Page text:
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Thursday, 02 May 2013

The Yearbook

By Vicki E. Jones

She is old now. Her hair is snow white and she can no longer see. Her hearing is almost gone and she is frail but she remains in her home with the help of a caregiver.

Her short-term memory is very, very poor, but she retains some long-term memories, however inaccurate. She is 95 now and has outlived both the members of her family and of my father’s family of her generation, and she has outlived her husband - my father - by nearly 30 years. She has outlived my sister – her older daughter – by more than four years.

Yet it is only this year that I have become interested enough in family history to start doing some research and only because my husband is so interested in his own family’s history and encouraged me to do so.

That led me to realize that I have no photos of my mother before her early 20s and no real knowledge of her childhood. I knew that her high school yearbook would have a photo of her at age 16, her age at graduation (she skipped a grade) and information on her activities and interests in high school.

My mother has no recall of what became of her high school yearbook or of any junior high school yearbook just as she has no recall of who her teachers or classmates were in elementary school, junior high and high school except for two people that she remained friends with long after high school.

She does recall the names of the schools, though, and recalls when she graduated high school.

Since no copy of her yearbook was turning up on eBay, I finally thought to call her high school asking the teacher in charge of alumni affairs whether they had a copy of her yearbook available for purchase. My mother’s maiden name was Deborah Atchick, nickname Deb or Debby, so it was easy for him to look her up by name.

To my surprise, he emailed me a couple of days later and offered to send a used copy of her yearbook along with a bill for the small charge for the yearbook. (Had none been available, I would have asked for a scan of the page her photo appeared on, sent to me by email.)

Had it not been for the fact that she grew up in Philadelphia where many high schools have been there more than 100 years and they are steeped in tradition and maintain a copy of each old yearbook for those who are interested, it never would have happened. As it was, a copy that could be sold to me was an extra copy, one donated by some kind person who no longer wanted or needed it.

The yearbook came a week later. There, on the first page of January 1934 graduates (the first page because her last name started with the letter A), was my mother at age 16, but looking like a young girl of 13 or 14.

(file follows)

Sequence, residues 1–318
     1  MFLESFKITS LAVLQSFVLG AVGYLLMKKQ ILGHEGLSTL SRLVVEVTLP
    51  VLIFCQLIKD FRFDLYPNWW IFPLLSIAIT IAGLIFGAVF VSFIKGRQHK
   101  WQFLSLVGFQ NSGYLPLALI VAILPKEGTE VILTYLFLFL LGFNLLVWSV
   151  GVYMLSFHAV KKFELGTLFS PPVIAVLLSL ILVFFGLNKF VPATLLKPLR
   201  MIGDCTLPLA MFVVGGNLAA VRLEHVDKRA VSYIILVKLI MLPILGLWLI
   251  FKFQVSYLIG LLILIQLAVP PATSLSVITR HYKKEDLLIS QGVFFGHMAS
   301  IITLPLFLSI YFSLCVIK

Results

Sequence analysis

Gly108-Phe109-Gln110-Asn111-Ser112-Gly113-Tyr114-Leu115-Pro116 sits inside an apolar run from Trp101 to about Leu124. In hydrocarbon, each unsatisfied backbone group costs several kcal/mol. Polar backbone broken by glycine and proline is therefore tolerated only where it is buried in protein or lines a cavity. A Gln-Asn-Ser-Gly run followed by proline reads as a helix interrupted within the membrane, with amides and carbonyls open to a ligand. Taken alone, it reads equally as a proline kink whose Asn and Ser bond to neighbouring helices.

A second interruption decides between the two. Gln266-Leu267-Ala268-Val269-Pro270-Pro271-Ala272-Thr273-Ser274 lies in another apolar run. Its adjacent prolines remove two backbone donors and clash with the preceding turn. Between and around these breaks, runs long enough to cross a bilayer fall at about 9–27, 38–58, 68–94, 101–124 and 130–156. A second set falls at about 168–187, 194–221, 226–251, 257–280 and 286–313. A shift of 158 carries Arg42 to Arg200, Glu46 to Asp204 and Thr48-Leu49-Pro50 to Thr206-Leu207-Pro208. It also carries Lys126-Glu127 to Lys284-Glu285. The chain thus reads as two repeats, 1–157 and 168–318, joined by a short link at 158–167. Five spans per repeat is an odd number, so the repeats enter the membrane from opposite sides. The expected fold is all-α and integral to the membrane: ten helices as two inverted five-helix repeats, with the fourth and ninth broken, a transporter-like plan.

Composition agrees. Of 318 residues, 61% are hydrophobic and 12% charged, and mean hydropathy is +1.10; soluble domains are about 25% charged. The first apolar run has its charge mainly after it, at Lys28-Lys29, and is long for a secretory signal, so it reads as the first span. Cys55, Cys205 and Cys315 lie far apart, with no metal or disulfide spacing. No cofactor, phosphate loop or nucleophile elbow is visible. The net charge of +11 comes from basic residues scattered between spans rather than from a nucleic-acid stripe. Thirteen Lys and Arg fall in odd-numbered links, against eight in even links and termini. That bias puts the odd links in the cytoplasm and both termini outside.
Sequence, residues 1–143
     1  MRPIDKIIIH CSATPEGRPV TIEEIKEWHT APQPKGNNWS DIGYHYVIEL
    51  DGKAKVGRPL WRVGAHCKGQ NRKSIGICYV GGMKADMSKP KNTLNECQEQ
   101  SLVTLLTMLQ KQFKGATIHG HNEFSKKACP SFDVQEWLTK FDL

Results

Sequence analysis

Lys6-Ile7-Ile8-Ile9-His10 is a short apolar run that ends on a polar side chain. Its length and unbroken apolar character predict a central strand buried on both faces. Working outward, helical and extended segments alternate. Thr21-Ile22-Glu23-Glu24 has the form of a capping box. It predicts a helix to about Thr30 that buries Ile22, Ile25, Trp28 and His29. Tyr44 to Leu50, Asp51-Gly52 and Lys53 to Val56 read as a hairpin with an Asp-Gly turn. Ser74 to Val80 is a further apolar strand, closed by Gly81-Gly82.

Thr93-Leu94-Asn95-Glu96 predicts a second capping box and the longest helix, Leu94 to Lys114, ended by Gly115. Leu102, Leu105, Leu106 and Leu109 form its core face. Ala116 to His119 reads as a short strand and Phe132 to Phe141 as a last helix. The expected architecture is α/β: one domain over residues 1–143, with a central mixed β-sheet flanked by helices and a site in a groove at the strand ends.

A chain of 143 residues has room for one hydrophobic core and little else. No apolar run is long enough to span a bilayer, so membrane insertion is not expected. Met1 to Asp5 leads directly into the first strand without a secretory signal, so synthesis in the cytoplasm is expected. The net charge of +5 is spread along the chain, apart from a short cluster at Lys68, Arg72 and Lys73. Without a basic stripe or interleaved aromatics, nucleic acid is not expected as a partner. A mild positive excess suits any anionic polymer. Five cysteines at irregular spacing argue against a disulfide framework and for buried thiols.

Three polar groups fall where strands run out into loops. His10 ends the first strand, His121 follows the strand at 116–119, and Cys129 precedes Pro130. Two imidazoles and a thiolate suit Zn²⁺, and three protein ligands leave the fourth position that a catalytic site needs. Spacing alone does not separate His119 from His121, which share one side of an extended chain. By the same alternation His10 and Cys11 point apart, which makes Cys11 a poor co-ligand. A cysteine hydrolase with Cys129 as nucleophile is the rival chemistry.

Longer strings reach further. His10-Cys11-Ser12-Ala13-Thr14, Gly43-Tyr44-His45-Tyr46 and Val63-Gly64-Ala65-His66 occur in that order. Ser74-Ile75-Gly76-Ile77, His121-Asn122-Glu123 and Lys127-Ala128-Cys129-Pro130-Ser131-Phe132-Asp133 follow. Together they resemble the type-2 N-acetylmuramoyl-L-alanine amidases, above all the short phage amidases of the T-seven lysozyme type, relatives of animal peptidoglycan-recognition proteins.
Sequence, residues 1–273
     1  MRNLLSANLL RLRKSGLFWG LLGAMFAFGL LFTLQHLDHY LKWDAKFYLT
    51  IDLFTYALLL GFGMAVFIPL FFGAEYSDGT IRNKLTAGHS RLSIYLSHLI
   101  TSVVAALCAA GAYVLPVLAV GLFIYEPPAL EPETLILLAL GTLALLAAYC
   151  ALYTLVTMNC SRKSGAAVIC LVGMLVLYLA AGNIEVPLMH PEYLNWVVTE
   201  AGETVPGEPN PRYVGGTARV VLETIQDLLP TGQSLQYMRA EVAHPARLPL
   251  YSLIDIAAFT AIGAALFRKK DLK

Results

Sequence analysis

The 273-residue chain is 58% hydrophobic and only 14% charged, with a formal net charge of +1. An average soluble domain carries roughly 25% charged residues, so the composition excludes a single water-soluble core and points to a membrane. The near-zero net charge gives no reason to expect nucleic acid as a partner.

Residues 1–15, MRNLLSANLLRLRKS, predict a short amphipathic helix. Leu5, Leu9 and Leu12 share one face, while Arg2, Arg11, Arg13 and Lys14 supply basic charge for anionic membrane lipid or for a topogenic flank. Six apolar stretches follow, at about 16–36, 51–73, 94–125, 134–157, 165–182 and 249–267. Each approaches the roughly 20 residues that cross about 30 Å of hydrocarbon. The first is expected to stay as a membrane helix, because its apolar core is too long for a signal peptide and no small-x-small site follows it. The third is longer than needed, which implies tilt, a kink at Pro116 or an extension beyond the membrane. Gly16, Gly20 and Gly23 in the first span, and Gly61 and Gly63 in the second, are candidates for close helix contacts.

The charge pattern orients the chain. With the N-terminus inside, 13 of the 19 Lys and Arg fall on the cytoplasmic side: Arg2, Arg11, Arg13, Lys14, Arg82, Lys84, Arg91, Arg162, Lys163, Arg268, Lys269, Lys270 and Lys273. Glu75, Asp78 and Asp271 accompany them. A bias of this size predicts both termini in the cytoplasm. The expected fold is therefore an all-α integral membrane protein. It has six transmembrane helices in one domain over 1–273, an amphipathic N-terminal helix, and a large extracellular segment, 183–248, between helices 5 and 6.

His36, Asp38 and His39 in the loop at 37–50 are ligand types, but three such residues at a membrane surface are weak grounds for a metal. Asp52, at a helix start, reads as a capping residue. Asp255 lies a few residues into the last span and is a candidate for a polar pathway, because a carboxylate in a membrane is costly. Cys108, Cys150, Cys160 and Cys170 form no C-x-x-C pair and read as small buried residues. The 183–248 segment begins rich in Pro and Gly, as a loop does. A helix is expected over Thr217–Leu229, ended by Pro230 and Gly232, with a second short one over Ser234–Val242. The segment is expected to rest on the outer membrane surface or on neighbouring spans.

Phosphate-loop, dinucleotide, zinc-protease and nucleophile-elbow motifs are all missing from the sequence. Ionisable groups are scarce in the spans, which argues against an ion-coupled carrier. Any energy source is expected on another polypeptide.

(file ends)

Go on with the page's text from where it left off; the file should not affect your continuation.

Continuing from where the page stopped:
She looked like a cute kid. She had complained all these years that in high school she was called The Kid because she was so young. I figured that wasn’t the only reason: she looked like a kid, too.

I looked at her picture and then looked again. Then I grabbed a picture of myself at 13 or 14 and held it next to her picture. I knew there would be a resemblance because I was called Little Debby many times while I was growing up but the resemblance was remarkable. Her picture could have passed for a picture of me.

I have looked at her picture many times since and read and re-read the list of clubs and activities she was involved in. Somehow, acquiring a simple high-school yearbook has acquainted me with what my mother was like as a young girl, many years before she met my father.

There before me is the cute kid she once was, a kid that looks remarkably like I would look during my teenage years. When I look at her photo, I see her but I also see myself.


[INVITATION: All elders, 50 and older, are welcome to submit stories for this blog. They can be fiction, non-fiction, poetry, memoir, etc. Please read instructions for submitting.]

Posted by Ronni Bennett at 05:30 AM | Permalink | Email this post

Comments

Lucky you with those genes..my parents died young, my Father at 44 and my Mother about to be 47..I was l7 and about to be 21...Pictures are wonderful, we never saw pictures of our grandparents until long after our parents were gone..and a few years ago by accident I found a box of old photos at my Aunt;s house where we were visiting because of a death in the family...going through the box I found pictures of my parents in the l930s at the beach at Rockaway, NY...it was so wonderful I can get all teared up about it writing this...loved reading your piece...thanks for sharing..

Great story. Your words urge me to get the family memorabilia out of the boxes stored in our crawl space and start labeling what I haven't forgotten. Then get in touch with family cousins to share before it is too late.
Thank you for the reminder.
Michigan Grandma

For the last few years, I have started writing the names of former co-workers at the various places I have worked over the years.

Occasionally, another name will occur to me and I find the post-it of the place I worked and write the name down. I figure that as I age, these names will probably fade from my memory, but seeing their names might help refresh it.

FWIW, I am a list-keeper by nature since lists have help me to write stories ever since my programming days. And I still have yearbooks from 7th grade through high-school.

This is a good story, and piqued my memory yet again. Thanks, Vicki.

You were so fortunate to be able to get a copy of your mother's high-school yearbook. I don't have a copy of my own and wish I did.

I have a few photos of my mother in her 20's and early 30's and some when she was in her late 50's and early 60's but nothing else. I love to have more.

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